Green tea: a formidable weapon to prevent and fight against cancer

Regular consumption of green tea is associated with a reduced risk of developing several types of cancer. In particular those of the breast, lung, prostate and colon. Most of green tea’s protective effects are attributed to its high polyphenol content.

Specifically, epigallocatechin-3-gallate (EGCG), the amounts of which can reach 200-300 mg in a single cup of green tea. This catechin is well absorbed and reaches sufficient plasma concentrations to interfere with several processes involved in tumor progression. Like the formation of a network of new blood vessels by tumors (angiogenesis), crucial for the development of cancer.

Green tea blocks cancer progression

According to recent research, low concentrations of EGCG, easily achievable by regular consumption of green tea, would block the progression of cancer by specifically targeting the tumor suppressor p53. P53 is often referred to as the “guardian of the genome” because of its crucial role in detecting and eliminating cells that are damaged. Whether as a result of the attacks of toxic molecules, the presence of errors which slip spontaneously into the DNA or even the activation of oncogenes.

To prevent these abnormal cells from becoming cancerous, p53 sets in motion a sophisticated control system that will attempt to repair the cellular damage that has been detected or, if this damage is irreversible, to force the cells to cause their own death by cell suicide (apoptosis). To become cancerous, abnormal cells therefore often have to find a way around this quality control system. It is for this reason that the presence of an inactivated p53 protein is a very frequent phenomenon observed in more than half of human cancers.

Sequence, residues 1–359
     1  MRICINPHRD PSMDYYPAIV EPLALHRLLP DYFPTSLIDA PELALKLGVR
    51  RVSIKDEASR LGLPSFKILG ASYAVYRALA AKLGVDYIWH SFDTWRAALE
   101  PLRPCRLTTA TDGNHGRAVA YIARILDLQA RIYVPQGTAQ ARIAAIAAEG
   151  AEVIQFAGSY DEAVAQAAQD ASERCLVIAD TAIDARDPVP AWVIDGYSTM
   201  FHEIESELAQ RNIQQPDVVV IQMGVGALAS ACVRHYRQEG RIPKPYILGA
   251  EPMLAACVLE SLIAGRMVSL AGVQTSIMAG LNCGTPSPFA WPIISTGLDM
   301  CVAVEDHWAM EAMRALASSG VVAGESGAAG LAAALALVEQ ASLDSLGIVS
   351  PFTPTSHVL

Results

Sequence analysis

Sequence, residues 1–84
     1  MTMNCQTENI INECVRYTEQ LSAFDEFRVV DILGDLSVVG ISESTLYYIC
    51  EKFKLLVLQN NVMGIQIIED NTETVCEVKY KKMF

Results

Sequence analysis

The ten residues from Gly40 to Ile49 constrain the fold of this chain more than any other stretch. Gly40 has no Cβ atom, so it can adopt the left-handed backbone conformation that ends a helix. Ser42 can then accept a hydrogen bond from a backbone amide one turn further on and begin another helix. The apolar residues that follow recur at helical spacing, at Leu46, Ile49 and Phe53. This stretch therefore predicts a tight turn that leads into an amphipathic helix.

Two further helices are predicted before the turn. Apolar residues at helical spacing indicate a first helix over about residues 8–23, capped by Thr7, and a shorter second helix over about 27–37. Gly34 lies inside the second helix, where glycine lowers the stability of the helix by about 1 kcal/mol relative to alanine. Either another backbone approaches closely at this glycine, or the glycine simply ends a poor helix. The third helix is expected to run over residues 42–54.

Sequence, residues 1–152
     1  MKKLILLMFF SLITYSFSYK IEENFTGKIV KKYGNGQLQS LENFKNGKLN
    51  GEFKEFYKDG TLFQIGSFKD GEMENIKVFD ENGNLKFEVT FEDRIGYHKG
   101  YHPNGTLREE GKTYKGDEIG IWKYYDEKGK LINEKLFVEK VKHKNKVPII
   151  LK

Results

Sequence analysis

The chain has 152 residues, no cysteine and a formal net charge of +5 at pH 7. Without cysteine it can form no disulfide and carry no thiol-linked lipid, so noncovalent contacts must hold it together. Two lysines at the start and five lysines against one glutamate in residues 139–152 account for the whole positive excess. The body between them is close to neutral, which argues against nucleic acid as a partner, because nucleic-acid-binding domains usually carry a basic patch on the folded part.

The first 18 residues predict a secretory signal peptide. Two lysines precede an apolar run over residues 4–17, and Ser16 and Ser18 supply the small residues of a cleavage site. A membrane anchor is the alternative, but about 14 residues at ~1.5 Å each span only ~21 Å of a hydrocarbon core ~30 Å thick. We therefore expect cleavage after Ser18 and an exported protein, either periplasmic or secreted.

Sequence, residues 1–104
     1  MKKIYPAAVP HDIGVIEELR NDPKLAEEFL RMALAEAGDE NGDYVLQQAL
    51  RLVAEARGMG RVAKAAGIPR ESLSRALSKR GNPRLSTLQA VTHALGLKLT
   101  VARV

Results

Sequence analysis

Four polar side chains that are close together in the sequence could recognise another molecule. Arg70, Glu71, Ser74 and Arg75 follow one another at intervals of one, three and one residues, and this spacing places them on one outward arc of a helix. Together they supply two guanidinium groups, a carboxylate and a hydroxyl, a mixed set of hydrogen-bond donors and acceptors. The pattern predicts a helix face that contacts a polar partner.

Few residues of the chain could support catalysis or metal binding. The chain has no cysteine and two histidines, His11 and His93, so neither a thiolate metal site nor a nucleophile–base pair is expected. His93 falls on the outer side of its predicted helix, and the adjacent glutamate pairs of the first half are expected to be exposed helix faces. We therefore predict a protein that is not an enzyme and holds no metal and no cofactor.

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Green tea supports our body’s natural anti-tumor activity

A strategy often employed by cancer cells to inactivate p53 is to overexpress a protein (MDM2) which interacts with this tumor suppressor and leads to its degradation. From a therapeutic point of view, one of the ways to restore the anti-cancer action of p53 is therefore to find molecules capable of preventing this p53-MDM2 interaction.

And that’s exactly where EGCG could come in handy: Using a technique that allows the interaction between proteins to be studied in detail (NMR spectroscopy), the researchers demonstrated that EGCG binds specifically to the same region of the p53 protein as that used by MDM2. By preventing the binding of this protein to p53, EGCG therefore prevents the degradation of the tumor suppressor and stabilizes its anticancer function. Under the anticancer effect of green tea observed in population studies, there is therefore a very solid molecular basis that goes far beyond the simple correlation of facts.

Green tea: a good habit to include in our daily life

This study therefore represents another example of the multiple benefits associated with the regular consumption of plants, such as green tea, which contain high amounts of polyphenols. Including these foods in our eating habits, especially when part of an overall healthy lifestyle that includes not smoking, regular physical activity, and maintaining a healthy body weight, is the best current strategy to prevent cancer.


Lamy S. et al: Green tea catechins inhibit vascular endothelial growth factor receptor phosphorylation, Cancer Res. 2002; 62: 381-5.

Zhao J. et al: EGCG binds intrinsically disordered N-terminal domain of p53 and disrupts p53-MDM2 interaction


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